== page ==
Can you buy Zithromax online?
Yes! You can get a prescription for Zithromax online sent electronically to your pharmacy.
We recommend avoiding non-reputable websites that claim to sell Zithromax. By law, you must have a consultation with a doctor before you can get any prescriptions.
Thankfully, we have reputable websites like PlushCare that provide services like video or phone appointments with a trusted doctor who will evaluate your medical concerns and discuss current medications to see if Zithromax or any other medication is right for you!
It’s best to come to you appointment prepared, read on to learn more about Zithromax to see if it’s right for you.
What is Zithromax?
Zithromax, also known as Azithromycin, is a medication that is commonly used to treat a wide range of susceptible bacterial infections. It is a macrolide-type antibiotic. It works by stopping the growth of bacteria.
This product will not treat viral infections such as the common cold or flu. Unnecessary excess use or misuse of any antibiotic, such as Zithromax, can result in antibiotic resistant bacteria.
For cold or flu treatment, click here.
How does Zithromax work?
Zithromax (azithromycin) exists in a category of medicines called macrolide antibiotics.
Macrolide antibiotics work by killing the bacteria that cause the infection. all macrolides can be used to treat chest and skin infections. Azithromycin and erythromycin can also be used to treat sexually transmitted infections.
Zithromax dosage and treatment
Zithromax, or azithromycin, comes in a tablet or liquid form to be taken orally. It is typically prescribed for 1 to 5 days.
When the medication is being administered for prevention of MAC disseminated infection, azithromycin doses may be taken without food once per week.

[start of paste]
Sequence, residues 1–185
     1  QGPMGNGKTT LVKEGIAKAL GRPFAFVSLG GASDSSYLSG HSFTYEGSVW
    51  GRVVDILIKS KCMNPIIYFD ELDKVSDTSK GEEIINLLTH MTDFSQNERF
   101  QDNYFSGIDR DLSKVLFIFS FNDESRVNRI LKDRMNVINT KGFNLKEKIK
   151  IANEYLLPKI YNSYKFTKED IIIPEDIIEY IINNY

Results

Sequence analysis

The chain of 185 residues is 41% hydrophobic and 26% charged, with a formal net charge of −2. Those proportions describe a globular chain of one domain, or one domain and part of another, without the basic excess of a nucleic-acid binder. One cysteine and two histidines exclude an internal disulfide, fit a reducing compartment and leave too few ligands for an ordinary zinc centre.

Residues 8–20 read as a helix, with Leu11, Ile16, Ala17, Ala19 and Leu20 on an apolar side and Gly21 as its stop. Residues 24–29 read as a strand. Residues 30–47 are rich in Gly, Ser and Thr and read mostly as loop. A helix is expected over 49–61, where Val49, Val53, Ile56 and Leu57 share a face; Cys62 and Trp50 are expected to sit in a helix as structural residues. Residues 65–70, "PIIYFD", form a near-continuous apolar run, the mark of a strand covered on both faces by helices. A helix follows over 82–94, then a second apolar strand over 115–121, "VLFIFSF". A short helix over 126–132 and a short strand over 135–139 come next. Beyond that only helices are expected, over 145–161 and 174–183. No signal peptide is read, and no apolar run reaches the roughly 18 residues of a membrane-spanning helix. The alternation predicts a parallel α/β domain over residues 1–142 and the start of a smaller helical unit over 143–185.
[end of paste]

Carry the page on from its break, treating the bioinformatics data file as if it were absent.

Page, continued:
Extended release tablets are typically taken at least one to two hours before a meal as a one-time dose.
Take azithromycin at the same time each day to remain consistent with dosage and help yourself remember to take the medication. Follow the directions on your prescription label carefully, and ask your doctor or pharmacist to explain any part you do not understand.
If you are taking the liquid dosage be sure to shake the liquid well each time before you take it. It is advised to use either a dosage spoon, measuring cup or oral syringe for proper administration of the product. Once you are done rinse your measuring device thoroughly with water.
When taking Zithromax (azithromycin) suspension powder in a single dose, you must mix the powder with water before ingesting the medication. You should mix the contents of the packet with the prescribed amount of fluid in a glass and consume the contents in its entirety. Then it is best to add additional water to the cup and drink the remains to ensure that you have ingested the entire prescribed dose.
If you feel the need to vomit around an hour after taking Zithromax, make sure to contact your physician immediately. Your doctor will let you know if you need to continue with the medication, otherwise refrain from taking another dose.